And last but not but least; the final batch of cookies(peanut butter) AKA the Saving Grace to my teachers’ gifts. These were the first leg of my five hours baking, so I was extremely vivacious and hopeful while baking them.

If you also really want to bake these peanut butter cookies but lacking enough peanut butter like I did, you can create your own peanut butter dough substitute. Simply melt about a cup or so of chips in the microwave then stir in about two tablespoons of butter and about a third of a cup of powdered sugar.  Problem solved.

Like the Caramel Cookies from above, all you really have to do to bake these is to cover something already tasty with something even more tasty then wait. The peanut butter dough I had made easily molded into chips similar to those chocolate melting chips you can buy at craft stores for things such as cake pops. I found it easier to layer the peanut butter between two dough patties instead of inserting it into a ball of cookie dough.

And if you watch the occasional South Park episode like me, it’s perfectly acceptable to sing the Salty Balls about…now.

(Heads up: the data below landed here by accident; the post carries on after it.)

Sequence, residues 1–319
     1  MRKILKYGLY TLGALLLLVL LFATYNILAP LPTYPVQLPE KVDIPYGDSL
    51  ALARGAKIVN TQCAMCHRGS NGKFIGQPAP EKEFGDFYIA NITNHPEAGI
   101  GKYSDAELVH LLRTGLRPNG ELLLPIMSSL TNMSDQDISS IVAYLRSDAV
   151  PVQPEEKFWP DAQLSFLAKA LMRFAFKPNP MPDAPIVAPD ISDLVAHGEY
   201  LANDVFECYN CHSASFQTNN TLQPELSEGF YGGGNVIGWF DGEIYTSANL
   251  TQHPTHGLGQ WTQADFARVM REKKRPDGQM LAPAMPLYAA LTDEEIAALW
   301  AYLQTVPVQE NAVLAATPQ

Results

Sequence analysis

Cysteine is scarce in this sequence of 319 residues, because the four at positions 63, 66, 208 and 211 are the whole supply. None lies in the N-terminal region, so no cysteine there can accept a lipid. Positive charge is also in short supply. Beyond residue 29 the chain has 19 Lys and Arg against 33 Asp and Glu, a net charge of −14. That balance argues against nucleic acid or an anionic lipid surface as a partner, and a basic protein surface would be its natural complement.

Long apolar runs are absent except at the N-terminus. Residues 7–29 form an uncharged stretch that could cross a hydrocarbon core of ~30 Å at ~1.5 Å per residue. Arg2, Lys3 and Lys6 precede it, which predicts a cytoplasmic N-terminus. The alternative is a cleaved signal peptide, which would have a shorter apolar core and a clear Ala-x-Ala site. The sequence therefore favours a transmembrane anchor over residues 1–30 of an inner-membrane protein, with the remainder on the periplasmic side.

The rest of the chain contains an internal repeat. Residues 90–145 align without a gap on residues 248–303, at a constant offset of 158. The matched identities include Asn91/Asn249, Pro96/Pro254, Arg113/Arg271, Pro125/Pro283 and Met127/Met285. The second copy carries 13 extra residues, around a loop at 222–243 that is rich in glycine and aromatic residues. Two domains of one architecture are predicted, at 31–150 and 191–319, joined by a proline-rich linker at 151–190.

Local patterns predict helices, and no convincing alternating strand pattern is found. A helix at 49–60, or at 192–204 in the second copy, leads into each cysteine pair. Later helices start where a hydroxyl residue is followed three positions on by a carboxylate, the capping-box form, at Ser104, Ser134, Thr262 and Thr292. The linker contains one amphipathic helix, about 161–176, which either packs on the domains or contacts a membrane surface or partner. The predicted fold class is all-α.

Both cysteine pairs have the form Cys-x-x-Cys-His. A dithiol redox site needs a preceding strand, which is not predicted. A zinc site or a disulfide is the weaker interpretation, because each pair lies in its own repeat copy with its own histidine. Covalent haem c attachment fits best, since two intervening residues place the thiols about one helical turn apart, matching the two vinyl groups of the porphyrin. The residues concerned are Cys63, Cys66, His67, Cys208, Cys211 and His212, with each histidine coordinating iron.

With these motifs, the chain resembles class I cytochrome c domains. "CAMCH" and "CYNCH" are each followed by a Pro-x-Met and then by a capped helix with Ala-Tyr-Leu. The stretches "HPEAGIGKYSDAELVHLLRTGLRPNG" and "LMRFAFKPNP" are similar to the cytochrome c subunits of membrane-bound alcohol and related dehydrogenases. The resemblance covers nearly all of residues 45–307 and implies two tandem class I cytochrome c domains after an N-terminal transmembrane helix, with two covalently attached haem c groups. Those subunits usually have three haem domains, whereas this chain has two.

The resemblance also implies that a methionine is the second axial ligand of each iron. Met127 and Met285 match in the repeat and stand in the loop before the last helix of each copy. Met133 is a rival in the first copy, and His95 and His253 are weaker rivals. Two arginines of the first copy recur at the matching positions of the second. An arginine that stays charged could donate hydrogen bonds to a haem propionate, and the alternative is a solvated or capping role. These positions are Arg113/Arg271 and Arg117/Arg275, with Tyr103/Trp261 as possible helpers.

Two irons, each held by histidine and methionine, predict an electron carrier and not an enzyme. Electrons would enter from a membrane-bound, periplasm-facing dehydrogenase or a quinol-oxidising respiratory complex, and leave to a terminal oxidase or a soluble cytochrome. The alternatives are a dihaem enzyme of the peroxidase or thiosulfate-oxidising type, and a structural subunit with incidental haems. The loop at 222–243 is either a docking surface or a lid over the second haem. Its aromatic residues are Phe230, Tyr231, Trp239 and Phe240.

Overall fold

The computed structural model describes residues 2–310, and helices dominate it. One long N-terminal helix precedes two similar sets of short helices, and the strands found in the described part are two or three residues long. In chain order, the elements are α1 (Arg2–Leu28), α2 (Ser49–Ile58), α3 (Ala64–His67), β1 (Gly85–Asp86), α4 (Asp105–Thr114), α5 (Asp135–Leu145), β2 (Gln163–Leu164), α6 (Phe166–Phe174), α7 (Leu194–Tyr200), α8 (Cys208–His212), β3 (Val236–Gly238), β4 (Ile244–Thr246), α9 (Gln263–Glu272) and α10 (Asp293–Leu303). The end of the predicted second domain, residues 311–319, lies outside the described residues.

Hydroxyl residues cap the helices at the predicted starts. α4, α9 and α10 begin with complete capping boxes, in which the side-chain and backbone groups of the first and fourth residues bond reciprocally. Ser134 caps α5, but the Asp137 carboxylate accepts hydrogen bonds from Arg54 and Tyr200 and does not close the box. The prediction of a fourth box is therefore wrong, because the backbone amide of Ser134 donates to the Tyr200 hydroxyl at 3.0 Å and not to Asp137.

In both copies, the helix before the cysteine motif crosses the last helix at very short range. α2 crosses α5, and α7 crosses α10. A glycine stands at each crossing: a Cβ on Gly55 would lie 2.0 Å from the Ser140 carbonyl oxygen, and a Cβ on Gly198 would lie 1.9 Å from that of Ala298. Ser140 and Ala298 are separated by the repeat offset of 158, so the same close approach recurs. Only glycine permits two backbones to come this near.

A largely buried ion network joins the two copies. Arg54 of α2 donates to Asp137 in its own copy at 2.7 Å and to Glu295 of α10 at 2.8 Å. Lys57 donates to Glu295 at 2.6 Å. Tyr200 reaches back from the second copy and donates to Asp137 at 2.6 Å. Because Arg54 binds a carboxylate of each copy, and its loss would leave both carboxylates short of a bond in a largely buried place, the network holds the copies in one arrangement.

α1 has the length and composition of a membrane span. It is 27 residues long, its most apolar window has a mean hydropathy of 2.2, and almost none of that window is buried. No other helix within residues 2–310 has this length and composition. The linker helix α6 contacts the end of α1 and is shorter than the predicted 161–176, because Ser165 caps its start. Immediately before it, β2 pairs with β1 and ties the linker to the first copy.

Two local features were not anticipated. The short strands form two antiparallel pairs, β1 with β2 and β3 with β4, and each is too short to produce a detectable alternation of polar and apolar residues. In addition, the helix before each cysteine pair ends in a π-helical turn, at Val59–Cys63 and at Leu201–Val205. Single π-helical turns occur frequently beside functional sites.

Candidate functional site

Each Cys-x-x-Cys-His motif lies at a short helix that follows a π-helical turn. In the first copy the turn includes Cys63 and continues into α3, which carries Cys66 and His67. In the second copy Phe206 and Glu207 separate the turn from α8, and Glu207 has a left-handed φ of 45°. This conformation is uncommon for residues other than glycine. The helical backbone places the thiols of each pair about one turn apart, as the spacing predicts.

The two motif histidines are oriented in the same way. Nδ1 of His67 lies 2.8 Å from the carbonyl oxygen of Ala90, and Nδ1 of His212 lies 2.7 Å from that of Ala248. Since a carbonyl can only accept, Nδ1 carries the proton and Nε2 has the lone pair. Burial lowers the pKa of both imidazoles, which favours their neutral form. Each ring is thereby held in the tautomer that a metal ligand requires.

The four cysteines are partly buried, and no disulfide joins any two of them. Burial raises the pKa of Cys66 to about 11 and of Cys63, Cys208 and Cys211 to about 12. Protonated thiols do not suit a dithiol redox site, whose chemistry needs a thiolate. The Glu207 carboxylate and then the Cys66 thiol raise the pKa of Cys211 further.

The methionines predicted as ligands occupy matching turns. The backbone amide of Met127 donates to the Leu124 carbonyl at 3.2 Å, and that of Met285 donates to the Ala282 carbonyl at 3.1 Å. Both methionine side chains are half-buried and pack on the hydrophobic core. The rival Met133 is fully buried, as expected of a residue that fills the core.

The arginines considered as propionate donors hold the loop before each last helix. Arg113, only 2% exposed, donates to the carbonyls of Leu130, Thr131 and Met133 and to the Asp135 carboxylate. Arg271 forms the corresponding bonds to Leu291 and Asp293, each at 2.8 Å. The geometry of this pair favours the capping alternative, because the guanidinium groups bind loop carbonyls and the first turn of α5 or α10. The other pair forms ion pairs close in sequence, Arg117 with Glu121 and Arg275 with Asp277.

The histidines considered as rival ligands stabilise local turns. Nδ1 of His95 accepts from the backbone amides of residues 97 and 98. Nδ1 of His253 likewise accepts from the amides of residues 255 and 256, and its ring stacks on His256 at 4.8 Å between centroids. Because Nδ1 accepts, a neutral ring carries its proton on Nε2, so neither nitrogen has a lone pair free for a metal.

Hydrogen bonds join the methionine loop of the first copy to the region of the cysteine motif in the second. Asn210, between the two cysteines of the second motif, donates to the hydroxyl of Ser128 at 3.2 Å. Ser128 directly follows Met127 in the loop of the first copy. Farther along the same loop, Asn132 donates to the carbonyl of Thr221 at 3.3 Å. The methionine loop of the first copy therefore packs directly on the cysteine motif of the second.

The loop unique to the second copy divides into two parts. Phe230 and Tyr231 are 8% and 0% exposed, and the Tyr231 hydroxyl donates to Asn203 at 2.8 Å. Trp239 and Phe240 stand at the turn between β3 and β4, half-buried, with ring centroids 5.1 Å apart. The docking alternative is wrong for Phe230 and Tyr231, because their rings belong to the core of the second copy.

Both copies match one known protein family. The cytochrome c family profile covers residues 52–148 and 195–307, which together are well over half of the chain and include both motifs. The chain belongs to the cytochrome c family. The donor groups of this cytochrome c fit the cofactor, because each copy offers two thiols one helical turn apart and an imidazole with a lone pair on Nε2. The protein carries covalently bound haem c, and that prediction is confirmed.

By far, out of all the cookies I gave out, these were my favorite. The crisp outside gives away to a decadent center of peanut butter encased by melt in your mouth chocolate—what’s not to love?! If you think they’re fantastic alone, try them while drinking tea…I promise you, it’s a fantastic way to start the day.

Magic In The Middle Cookies

Adapted from The Patterned Plate

Chocolate dough: 1.5 cups flour

1/2 cup unsweetened cocoa powder

1/2 tsp baking soda

1/4 tsp salt

1/2 cup granulated sugar

1/2 cup brown sugar

1/2 cup(1 stick) butter

1/4 cup peanut butter(use what you have on hand; I used crunchy)

1 tsp vanilla extract

1 large egg+ 1 large egg yolk

Peanut butter dough: